How Will Cable MSOs Assure Their MVNO Wireless Services?

Cable multiple system operators (MSOs) in the U.S. are evolving their business models yet again by rolling out their own wireless services. Take Comcast NBCUniversal, for example: the company, which once was predominantly a cable TV provider but now does the bulk of its business through broadband internet access, last April launched Xfinity Mobile, a mobile virtual network operator (MVNO) subsidiary that delivers wireless access through a combination of their own wi-fi hotspots and Verizon’s network. Charter Communications has plans to launch a similar offering of its own in 2018, leveraging an MVNO deal it has with Verizon.

Even if their intention is not going head-to-head with mobile network operators (MNOs), at least at first, MSOs in the wireless space nonetheless face significant competitive and customer satisfaction pressures. Making such ventures successful requires forging partnerships that once would have been unthinkable (like Comcast and Charter Communications teaming up to expand both their mobile coverage areas) and using a variety of access technologies, including 3.5 GHz unlicensed LTE spectrum, Wi-Fi (which Comcast used as a marketing point in its Xfinity Mobile launch announcement) and small cells.

Cable MSOs running MVNO business units must first and foremost ensure they’re meeting subscriber expectations. One way to do that is apply artificial intelligence for automated service assurance as they are now doing with broadband internet. Even more traditional methods of performance monitoring, though, requires a uniform method of managing the customer experience across a diversity of access technologies. To be able to act on service disruptions and manage quality of experience (QoE) requires accurate granular visibility that is agnostic to specific vendors, topologies, and access networks. Minute delays, microbursts, and micro-losses can have a profound impact on the customer experience.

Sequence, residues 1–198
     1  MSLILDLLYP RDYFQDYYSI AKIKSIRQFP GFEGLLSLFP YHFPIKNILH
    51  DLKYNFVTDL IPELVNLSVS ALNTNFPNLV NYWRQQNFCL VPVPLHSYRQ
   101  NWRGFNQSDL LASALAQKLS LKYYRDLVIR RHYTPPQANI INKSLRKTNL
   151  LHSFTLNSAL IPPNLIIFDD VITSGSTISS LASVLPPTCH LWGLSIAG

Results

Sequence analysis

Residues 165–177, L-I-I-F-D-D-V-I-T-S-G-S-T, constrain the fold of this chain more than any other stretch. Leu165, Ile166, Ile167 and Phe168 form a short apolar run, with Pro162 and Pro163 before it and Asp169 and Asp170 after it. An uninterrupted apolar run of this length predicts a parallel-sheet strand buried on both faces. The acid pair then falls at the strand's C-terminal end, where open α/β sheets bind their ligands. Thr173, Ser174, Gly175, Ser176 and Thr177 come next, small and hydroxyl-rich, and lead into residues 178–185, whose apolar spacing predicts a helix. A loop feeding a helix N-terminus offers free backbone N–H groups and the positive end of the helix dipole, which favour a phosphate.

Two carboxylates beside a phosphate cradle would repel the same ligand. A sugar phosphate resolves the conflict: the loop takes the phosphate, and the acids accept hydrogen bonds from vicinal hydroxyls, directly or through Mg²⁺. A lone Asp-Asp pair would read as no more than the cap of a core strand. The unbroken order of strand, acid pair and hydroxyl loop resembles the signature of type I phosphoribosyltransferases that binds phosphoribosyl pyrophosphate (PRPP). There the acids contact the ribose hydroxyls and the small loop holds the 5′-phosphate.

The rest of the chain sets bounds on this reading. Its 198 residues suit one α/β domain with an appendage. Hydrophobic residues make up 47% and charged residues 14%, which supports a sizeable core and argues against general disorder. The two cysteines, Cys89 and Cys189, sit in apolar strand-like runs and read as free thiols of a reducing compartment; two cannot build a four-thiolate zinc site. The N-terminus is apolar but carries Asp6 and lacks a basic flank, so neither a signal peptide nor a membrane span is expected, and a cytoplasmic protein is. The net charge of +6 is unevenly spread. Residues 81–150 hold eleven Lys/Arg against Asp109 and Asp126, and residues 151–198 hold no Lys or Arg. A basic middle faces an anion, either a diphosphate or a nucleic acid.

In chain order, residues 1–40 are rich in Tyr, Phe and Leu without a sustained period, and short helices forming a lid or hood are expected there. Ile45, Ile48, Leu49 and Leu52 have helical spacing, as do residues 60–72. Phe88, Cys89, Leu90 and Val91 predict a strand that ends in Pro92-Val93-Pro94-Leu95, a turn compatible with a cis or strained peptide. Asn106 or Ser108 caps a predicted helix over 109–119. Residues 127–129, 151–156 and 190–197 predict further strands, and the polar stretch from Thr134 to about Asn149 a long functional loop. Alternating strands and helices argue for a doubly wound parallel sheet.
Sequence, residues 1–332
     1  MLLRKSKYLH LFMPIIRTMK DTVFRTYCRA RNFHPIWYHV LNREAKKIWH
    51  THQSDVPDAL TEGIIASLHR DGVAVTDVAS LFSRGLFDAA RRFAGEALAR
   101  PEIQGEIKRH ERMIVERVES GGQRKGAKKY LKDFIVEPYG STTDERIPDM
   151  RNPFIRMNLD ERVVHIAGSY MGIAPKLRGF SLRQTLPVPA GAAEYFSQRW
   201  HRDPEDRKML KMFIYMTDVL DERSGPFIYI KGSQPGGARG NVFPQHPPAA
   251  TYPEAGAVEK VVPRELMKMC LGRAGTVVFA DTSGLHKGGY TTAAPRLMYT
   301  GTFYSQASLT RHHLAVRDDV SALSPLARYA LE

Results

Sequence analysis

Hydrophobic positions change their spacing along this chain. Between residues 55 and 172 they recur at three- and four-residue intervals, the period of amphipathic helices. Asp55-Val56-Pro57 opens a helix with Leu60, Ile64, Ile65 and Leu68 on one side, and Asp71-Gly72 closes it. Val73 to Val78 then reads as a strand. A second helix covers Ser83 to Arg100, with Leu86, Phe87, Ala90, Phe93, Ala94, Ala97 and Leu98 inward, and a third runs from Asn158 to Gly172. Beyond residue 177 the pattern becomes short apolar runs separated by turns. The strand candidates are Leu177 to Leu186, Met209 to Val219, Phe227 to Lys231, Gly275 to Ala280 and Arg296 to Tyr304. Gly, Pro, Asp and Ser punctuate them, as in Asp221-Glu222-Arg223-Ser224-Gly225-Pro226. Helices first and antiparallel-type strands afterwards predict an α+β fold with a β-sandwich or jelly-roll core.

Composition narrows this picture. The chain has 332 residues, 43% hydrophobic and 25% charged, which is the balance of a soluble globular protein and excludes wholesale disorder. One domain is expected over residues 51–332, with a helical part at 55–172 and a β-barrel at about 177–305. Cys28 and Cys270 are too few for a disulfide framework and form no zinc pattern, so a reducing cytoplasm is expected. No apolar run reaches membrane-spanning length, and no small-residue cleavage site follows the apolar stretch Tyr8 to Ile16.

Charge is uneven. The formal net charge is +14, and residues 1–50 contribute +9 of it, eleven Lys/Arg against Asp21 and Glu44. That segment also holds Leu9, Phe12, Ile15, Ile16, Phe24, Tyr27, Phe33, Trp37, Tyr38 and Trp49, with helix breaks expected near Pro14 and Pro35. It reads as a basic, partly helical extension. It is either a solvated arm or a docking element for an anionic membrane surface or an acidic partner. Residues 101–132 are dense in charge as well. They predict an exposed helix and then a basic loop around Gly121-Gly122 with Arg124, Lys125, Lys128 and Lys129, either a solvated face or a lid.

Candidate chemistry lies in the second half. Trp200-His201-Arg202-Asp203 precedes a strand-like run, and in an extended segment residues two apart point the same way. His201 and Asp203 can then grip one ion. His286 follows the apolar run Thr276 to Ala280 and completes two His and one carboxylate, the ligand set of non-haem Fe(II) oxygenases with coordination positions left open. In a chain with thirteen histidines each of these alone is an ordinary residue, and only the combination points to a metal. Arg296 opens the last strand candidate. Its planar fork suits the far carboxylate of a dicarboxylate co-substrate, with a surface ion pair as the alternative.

As Accedian has helped Cox Communications with for their cable broadband and MVNO services (using customer premises equipment/CPE), the only really reliable method of achieving end-to-end service assurance nowadays is to add a consistent instrumentation layer that essentially resides above interoperability issues on multi-vendor networks. Such instrumentation, which can be mostly or totally virtualized depending on the application, works just as well for MVNO infrastructure as it does for DOCSIS-based cable offerings and traditional mobile networks. 

Eric Mitch

As Solutions Manager at Accedian, Eric applies a strong technical background in telecommunications to design Carrier Ethernet, small cells, and software-defined networking (SDN)/network functions virtualization (NFV) solutions for the cable MSO industry, working with partners, vendors, developers, and customers. He has more than 15 years experience in commercial and residential network engineering, operations, architecture, sales, and the Metro Ethernet Forum (MEF). Eric is a MEF Carrier Ethernet Certified Professional (MEF-CECP).

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  • Acronym Guide

    327 Terms, Page 1 of 82


    Second Generation
    A cellular telecom network that uses second-generation wireless technology. Such networks digitally encrypt phone conversations, and allow data services including SMS text messages.


    Third Generation
    A cellular network that uses third-generation wireless technology based on standards that support wireless voice telephony, mobile and fixed internet access, video calls, and mobile TV. Such networks are capable of data transfer rates of at least 200 Kbps and as fast as 21 Mbps.


    Third Generation Partnership Project
    International collaboration among telecommunications associations, with the purpose of developing and maintaining the Global System for Mobile Communications (GSM) specification for 3G mobile networks.


    Fourth Generation
    A cellular network that uses fourth generation wireless technology to deliver mobile broadband internet access in addition to voice and text messaging. Two synonymous 4G systems are commercially deployed: Mobile WiMAX an Long Term Evolution (LTE). LTE is the predominant system in the U.S.

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